Well, if I was reviewing fiction or computer programming, I agree, it would make no sense at all. The former is a slave to contemporary taste and fashion, which changes almost daily; the latter is subject to the inevitable march of technology—making today’s technical information soon obsolete.

For those of us who are interested in architecture—and specifically—old houses, there is an entirely different set of issues to consider when reading, collecting and referring to older books:

First, old houses are still old. Where they exist, they generally do so undisturbed over the course of many years, and that is the way people like it. For example, observations made about an old house like Little Moreton Hall in Cheshire in 1920 are generally valid unto this day. While new analyses continue to be made and today’s technology may reveal some new understanding, the scholars of the past continue to provide keen insights on the character, history and appreciation of old houses.

Likewise, many of the photographic and illustrative examples provided in old books offer an unsurpassed visual record of many old houses, some of which no longer exist. Whether it is the beautiful black & white photographs we see in old Country Life books, or the seductive drawings of Sidney R. Jones, there is a unique character and perspective in these old illustrations that even the sharpest digital image cannot provide. In the very oldest examples, they may offer details that cannot even be seen today.

Other old books on architecture, through their sheer depth of observation, provide an in-depth illustrative record of measured construction details like doors, chimneys, windows, mouldings and their profiles, stonework, ironwork and more. Few modern books provide these richly detailed and carefully recorded illustrations—which can be so helpful to both the student and the practicing residential architect who may turn to them for inspiration.

Another consideration on the value of old architecture books for the modern user is their essential value as books, and in many cases, great examples of what I refer to as The Book Arts. As an example, I often point to is the two-volume study from Thomas Garner and Arthur Stratton, entitled The Domestic Architecture of England During the Tudor Period. I own a second edition set from 1929; they are huge books—measuring 12” x 16”—wonderful to hold in one’s lap and beautifully illustrated with both photographs and exquisite drawings. A much more recent example of this type might be Mark Girouard’s beautiful Elizabethan Architecture, published by Yale in 2009. It is another substantial, finely illustrated book which does great justice to its subject.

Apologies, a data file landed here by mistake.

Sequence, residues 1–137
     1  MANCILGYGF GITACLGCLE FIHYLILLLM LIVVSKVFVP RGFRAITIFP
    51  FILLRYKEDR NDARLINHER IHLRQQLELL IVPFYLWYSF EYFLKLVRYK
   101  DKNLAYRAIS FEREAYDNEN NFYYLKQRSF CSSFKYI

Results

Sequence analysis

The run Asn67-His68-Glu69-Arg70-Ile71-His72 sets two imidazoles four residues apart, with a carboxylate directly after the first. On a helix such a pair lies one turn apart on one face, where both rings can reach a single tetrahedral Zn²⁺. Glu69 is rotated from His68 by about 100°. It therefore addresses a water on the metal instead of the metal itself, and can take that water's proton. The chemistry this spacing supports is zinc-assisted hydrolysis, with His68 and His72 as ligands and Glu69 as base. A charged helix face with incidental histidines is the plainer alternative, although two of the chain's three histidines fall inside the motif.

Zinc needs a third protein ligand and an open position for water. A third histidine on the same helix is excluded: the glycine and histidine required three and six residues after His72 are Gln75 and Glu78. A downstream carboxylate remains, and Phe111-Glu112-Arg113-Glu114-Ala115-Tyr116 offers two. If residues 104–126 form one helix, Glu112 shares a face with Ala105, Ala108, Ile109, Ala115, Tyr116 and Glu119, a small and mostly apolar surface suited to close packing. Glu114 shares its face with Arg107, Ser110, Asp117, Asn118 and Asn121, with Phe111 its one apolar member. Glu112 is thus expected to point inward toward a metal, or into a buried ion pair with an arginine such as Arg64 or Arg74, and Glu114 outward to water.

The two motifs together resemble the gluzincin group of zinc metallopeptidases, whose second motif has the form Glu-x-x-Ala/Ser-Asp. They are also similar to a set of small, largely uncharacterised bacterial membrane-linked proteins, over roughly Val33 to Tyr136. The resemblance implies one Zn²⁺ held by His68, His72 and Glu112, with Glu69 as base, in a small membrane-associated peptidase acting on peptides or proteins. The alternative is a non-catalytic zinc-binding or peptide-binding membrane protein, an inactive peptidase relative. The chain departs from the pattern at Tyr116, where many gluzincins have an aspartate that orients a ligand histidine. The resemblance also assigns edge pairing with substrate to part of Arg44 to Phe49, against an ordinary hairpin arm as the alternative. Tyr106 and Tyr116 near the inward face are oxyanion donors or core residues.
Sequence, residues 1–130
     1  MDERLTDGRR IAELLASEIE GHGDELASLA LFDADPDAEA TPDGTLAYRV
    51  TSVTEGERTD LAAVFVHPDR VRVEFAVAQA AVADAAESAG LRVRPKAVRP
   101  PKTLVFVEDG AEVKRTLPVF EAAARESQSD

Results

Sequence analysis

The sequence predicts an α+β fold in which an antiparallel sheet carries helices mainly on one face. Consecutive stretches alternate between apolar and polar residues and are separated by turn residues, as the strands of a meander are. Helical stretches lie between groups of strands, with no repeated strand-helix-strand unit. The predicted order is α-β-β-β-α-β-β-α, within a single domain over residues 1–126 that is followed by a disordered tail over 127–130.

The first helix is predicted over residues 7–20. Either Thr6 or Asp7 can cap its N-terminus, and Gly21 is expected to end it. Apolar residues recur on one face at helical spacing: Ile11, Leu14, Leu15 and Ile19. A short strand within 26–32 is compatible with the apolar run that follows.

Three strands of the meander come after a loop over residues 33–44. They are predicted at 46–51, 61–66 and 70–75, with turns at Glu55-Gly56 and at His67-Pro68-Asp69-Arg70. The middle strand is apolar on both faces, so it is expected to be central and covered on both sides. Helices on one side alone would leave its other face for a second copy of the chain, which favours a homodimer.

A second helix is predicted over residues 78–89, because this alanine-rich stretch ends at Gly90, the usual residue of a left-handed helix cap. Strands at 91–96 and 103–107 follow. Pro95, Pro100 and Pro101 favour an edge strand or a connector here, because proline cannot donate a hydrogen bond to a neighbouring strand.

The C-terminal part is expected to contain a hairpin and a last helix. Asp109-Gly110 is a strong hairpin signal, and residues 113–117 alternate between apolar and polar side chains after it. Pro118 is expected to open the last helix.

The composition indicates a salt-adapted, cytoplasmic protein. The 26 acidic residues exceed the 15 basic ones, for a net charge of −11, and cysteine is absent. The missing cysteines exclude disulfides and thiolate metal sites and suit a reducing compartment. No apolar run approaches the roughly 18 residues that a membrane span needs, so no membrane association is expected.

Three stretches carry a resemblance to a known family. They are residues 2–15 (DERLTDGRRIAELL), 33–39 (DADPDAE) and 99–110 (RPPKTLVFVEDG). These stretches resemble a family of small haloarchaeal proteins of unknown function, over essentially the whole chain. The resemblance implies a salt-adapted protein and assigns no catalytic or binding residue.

To the casual observer, it may seem strange to provide a review of a book that is no longer in print, and which may not even be easily obtainable. But in doing so, we would point out that:

a) Many books, being highlighted as “essentials” on the subject of our chosen historical period of architecture, are well-recommended for their enduring high value, technical competence and even inspirational content.

b) While no longer in print, most of these books may still be obtained without undue effort from used bookstores, online sources such as abebooks.com, or even Ebay—often at a reasonable price.

c) Some books that have been recently scanned and made available through Print-on-Demand, while helpful and more easily purchased, are actually poor facsimiles of the original version. In some cases, the scanned illustrations are of extremely bad quality, in the worst cases, almost useless as a reference. While the text has value, to be sure, the student would be better satisfied in finding an original edition, which may often be found at a price that is little more than the reprint.

So, seeing some value in offering these types of reviews, we will begin to provide them, since we have no shortage of books on our chosen subject that we would like to share.

Seeing the newer phenomenon of video book reviews making an impact, and noting the advantages of physically describing and talking about a book that I am holding in my hand, this may be the method employed as we move forward.

Our dedication to old books being noted, we would nevertheless invite publishers of new books on period architecture to make review copies available, should they so desire. This would include  - Architecture (particularly residential) from Medieval through the Early Renaissance (Jacobean) – and Revival Styles (Gothic, Medieval, Tudor, Elizabethan, Jacobean) from the early 18th Century through the Victorian and Edwardian eras, and up to 1930.